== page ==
It took TVB planners years to realise that Monday night is not the night for endless earnest news programmes, but someone finally saw sense at the end of 1997 and broke up the dismal 90-minute entertainment-free zone of The Pearl Report, The Wall Street Journal and 20/20 with Spin City at 8pm.
Later, after some tinkering, Seinfeld appeared one hour after, deliberately intended to chip away at ATV's only drama series slot, which included Chicago Hope, The Practice and finally Ali McBeal.
The experiment continued, despite disappointing ratings, with Veronica's Closet, (one chick sitcom clashing with another, most tiresome).
From this evening, the heavy stuff is stripped back still further and we get a sitcom double bill, starting with a second series of Spin City (Pearl, 8.30pm) and more Seinfeld (Pearl, 9pm).
Spin City is still in its infancy as sitcoms go, and Michael J Fox's battle with Parkinson's Disease may sadly mean that it can never reach the nine-season record achieved by Seinfeld.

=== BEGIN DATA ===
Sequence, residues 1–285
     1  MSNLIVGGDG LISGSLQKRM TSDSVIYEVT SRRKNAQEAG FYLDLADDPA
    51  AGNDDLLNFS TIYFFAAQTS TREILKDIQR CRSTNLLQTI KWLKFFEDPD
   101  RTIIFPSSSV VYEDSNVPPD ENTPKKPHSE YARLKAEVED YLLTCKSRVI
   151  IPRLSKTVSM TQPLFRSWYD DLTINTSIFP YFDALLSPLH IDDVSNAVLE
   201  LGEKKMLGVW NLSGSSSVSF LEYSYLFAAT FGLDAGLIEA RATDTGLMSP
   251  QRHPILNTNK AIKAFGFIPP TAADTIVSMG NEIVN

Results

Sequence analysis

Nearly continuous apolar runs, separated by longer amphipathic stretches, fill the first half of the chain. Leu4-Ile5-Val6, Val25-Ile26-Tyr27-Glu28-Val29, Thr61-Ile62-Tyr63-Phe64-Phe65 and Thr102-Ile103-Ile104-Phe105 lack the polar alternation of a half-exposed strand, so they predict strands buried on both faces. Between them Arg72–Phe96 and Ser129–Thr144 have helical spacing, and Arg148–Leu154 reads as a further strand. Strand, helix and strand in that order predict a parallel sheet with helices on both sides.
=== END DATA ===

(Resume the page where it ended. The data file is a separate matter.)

But placed side to side as they are this evening, there is no doubt which is the funnier show.
In the first episode of Seinfeld, the entire cast are reduced to their most annoying attributes. This is familiar enough to be funny, but not laugh-out-loud funny. George, for example, spends the entire episode obsessing about his favourite baseball team's polyester uniforms. Jerry chats up Miss Rhode Island, but it is Kramer who ends up coaching her for the Miss America contest. Elaine insults a prospective employer, and accidentally misleads another with a sudden Jackie O impersonation.
Kramer's improbable expertise in beauty pageants is the high point of the episode, which otherwise doesn't really take off. It is feeble starter for a whole series, and we can only hope someone has some relationship trauma, or a really big fight, just to get things going again.
Spin City is a much smoother piece of ensemble acting altogether, and the jokes are far more obvious, and if the laughs come easier because of that, why not, that is what sitcoms are for.
Last season ended with the mayor and Paul escaping side by side for an impromptu guys weekend in Florida, and Mike and the team spend most of this evening's episode trying to convince the press that this was not an attempted flight from responsibility at all.
Paul, poor dummy, even has to feign madness (little feigning is required in the end) to distract the hacks from uncovering the truth.
And the mayor wants Mike to represent him in his upcoming divorce, leading to one of the best lawyer jokes in the episode. 'You went to law school didn't you' pleads the mayor. 'Who didn't?' says Mike.